Bladder Health

E.coli and interstitial cystitis overview

By Anna Sawkins

Feb 23, 2022

E.coli and interstitial cystitis overview

We have learned so much from our customers, and our own experiences since 2003 and research about the causes of repeat urinary infections, particularly related to E.coli, and the results are fascinating.


Until very recently it was thought that each new bladder infection (referring to all areas from the urethra to the kidneys) was the result of a new contamination via (usually) the urethra, or intimacy.

There must be a first time for such contamination and infection, but in the vast majority of cases, (though not all) repeat infections are likely to be the result of bacteria that survived the previous infection and become embedded in the bladder wall. Microbiologists now confirm bacteria can lay dormant behind biofilms for many years until stimulated into releasing pods from their colony to once again multiply out of control [Proof!]

E.coli's resistance to antibiotics

When you sit down and think about the pattern of most repeat infections, logic draws the same conclusions. Darwin's Survival of the Species through Natural Selection explains the process through higher forms of life, and E.coli survives as a life form in the same way that we have evolved as humans - by survival of the fittest.

Every medical practitioner and every cystitis sufferer knows that E.coli become increasingly resistant to antibiotics used against them. It is vital for the understanding of how antibiotic resistance takes place to realise that it's not your body that builds up a resistance to antibiotics, it is the infective agent - in the case of bladder infections, usually E.coli and that this resistance was acquired long before they met you.

Asexual Survival Characteristics (E.coli)

Say you start off with a strain called x.

If you eradicate all of the x with an antibiotic, then there are no x survivors, and if you were to again be infected with x (as a fresh contamination), and took the same antibiotic, there could be no increase in the resistance of x. It would be just like the first time, and they would be all eradicated.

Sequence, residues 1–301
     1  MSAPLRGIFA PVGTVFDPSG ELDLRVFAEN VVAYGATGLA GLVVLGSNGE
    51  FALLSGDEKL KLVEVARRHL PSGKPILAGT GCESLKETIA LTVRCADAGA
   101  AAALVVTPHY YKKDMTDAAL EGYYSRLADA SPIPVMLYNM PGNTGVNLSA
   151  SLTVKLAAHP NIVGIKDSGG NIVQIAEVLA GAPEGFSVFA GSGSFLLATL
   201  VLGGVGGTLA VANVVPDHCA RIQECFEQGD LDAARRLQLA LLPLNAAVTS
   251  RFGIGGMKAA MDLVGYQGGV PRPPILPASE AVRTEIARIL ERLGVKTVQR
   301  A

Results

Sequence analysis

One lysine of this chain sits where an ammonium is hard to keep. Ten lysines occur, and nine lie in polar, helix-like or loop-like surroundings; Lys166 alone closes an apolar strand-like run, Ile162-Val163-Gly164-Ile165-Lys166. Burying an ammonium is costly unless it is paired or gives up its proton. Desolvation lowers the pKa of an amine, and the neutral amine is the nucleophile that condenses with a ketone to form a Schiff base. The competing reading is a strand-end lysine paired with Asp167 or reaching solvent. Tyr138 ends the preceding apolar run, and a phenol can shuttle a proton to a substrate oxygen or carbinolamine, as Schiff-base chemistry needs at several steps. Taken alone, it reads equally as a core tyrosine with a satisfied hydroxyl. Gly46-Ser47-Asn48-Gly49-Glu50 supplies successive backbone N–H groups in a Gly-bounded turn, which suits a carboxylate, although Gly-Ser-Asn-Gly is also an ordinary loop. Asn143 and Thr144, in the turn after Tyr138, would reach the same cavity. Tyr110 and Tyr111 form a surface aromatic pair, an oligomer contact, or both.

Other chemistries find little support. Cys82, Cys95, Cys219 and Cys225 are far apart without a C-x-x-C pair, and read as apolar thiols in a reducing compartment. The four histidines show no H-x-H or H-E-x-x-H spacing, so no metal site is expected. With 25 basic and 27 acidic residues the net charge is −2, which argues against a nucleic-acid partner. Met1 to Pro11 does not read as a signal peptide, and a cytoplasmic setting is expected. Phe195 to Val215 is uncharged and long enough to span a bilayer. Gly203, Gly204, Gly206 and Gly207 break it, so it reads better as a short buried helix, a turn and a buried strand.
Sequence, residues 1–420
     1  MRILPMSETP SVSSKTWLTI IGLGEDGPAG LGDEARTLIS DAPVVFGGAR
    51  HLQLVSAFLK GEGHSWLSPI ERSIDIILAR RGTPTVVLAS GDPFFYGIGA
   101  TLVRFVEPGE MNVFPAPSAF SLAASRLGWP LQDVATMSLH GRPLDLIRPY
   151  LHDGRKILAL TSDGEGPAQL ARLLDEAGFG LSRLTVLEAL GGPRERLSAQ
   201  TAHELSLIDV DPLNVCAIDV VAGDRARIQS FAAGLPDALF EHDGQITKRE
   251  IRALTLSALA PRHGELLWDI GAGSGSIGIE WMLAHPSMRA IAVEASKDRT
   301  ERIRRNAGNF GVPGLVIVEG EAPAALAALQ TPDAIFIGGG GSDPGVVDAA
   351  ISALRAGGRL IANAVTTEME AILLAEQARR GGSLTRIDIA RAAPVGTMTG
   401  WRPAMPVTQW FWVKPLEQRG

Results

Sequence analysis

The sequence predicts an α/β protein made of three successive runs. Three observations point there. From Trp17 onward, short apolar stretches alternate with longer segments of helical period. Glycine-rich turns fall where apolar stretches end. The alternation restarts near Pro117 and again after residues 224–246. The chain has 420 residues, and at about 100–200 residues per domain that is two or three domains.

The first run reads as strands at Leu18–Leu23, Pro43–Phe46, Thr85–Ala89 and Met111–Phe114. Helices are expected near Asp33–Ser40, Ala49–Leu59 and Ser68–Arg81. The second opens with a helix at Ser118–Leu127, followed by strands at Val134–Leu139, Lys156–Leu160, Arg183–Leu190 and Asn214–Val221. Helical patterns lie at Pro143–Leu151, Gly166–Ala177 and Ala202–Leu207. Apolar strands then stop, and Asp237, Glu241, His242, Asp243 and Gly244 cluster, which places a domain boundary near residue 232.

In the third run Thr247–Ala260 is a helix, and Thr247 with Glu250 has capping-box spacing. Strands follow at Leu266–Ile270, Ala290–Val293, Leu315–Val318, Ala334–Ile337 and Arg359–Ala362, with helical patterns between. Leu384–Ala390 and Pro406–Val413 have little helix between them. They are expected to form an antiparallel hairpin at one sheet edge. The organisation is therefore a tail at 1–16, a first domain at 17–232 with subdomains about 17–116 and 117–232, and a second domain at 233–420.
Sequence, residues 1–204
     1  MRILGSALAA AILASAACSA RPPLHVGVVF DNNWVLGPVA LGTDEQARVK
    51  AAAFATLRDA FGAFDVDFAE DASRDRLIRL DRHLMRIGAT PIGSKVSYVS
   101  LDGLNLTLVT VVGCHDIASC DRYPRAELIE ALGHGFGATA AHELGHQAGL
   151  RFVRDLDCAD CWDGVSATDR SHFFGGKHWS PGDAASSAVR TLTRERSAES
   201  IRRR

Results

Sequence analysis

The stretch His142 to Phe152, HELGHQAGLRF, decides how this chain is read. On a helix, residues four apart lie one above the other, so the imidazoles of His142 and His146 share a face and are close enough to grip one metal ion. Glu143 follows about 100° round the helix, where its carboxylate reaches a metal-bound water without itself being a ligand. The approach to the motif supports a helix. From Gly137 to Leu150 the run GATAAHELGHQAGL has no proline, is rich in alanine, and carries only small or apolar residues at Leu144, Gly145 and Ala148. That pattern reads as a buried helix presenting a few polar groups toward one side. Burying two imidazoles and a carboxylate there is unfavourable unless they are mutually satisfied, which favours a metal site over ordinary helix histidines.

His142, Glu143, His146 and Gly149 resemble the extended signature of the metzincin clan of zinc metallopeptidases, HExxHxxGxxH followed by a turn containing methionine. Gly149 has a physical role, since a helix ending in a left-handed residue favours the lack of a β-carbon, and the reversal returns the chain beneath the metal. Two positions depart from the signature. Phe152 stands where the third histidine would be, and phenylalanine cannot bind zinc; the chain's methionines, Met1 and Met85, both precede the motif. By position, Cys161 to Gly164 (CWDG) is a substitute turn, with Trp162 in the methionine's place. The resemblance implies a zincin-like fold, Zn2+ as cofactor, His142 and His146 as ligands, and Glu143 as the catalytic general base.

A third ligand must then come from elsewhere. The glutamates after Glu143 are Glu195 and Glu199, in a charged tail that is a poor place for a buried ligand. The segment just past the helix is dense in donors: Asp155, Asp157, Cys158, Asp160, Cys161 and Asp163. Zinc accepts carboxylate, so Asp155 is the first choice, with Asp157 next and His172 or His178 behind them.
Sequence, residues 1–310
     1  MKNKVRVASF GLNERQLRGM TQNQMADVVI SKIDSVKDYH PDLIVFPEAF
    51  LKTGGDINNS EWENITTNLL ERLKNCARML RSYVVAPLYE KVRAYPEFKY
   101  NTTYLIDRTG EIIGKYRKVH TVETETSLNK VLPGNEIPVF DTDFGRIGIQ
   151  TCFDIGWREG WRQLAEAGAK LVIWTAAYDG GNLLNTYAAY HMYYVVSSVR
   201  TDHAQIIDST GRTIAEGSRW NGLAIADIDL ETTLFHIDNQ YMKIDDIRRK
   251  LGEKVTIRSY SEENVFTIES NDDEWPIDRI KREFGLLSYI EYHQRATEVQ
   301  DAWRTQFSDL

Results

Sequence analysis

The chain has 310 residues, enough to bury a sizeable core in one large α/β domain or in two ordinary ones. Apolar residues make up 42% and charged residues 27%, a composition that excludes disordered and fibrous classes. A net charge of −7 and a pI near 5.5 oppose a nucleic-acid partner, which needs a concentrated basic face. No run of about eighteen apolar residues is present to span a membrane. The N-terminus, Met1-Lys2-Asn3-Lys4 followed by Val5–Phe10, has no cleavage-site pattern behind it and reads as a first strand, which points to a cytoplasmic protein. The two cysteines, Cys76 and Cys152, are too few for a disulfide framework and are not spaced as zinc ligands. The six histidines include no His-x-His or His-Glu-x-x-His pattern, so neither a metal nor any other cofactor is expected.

But this is where natural selection comes in. E.coli bacteria are asexual organisms with a natural variation in the genetic makeup of some of the bacteria in every colony. In effect, E.coli bacteria are genetic clones of each other, but there are occasional mutations that produce genetic variation, giving the variation different survival capabilities. For example, although some of the mutations will have poor survival capabilities, some E.coli in every colony may be able to survive extreme heat, cold, toxin levels, antibiotic attack, or high acidity or alkalinity. They pass on these survival characteristics to their progeny.

We attempt to fight the resistance of E.coli by varying the antibiotics used, and by increasing antibiotic dose levels to compensate for the resistance effect, but this only exasperates the problem as the E.coli become increasingly resistant, even to broad-spectrum antibiotics. The result is increasingly resistant E.coli.

Variant E.coli and Antibiotic Resistance

The mechanism of E.coli antibiotic resistance is that one or more natural E.coli variants, (let's call it xy), survives the antibiotic attack. For example, by not succumbing to fluorine poisoning. So the antibiotic eradicates all x colonies, and xy is left to multiply and establish colonies of its own, passing on its resistance to fluorine (or whatever toxin the antibiotic utilised) to its duplicates. Most of the xy colonies will be xy type variant, and we already know that xy variant can survive the antibiotic that eradicated all its x brothers. It's a born survivor. You can't use what you used to eradicate x, to eradicate xy - at least not at the same dose levels or not for the same treatment length. So you'll need a longer course of antibiotics or at a stronger dose level to eradicate xy. And don't forget, xy will have its variants. Somewhere, there will be an xz variant that can survive these more significant doses.

Let's look at the logic again: We know for a fact that E.coli builds up resistance to any antibiotic used against it. It can only do that if some of the bacteria survive the antibiotic attack. If your second episode of cystitis is simply a fresh contamination of the same E.coli that you were previously contaminated with, we are not talking about mutated survivors of the antibiotic. We are talking about the plain old original bug again, so the same dose level and antibiotic will work as well as it did before. However, that is not how the course of repeated cystitis attacks works. Typically, infections become more and more frequent. Patients go back for more antibiotics. The same dose level doesn't work, so the dose is increased or the antibiotic changed. Gradually, we move on to big hitting fluorotoxins like Ciprofloxacin. See Business Week Cipro: Now for the Downside

Logic, therefore, tells us that resistant E.coli remains in the bladder after treatment with antibiotics. In fact, it is detectable six weeks later in 35% of women. A year later it has recurred in half of all antibiotic-treated women.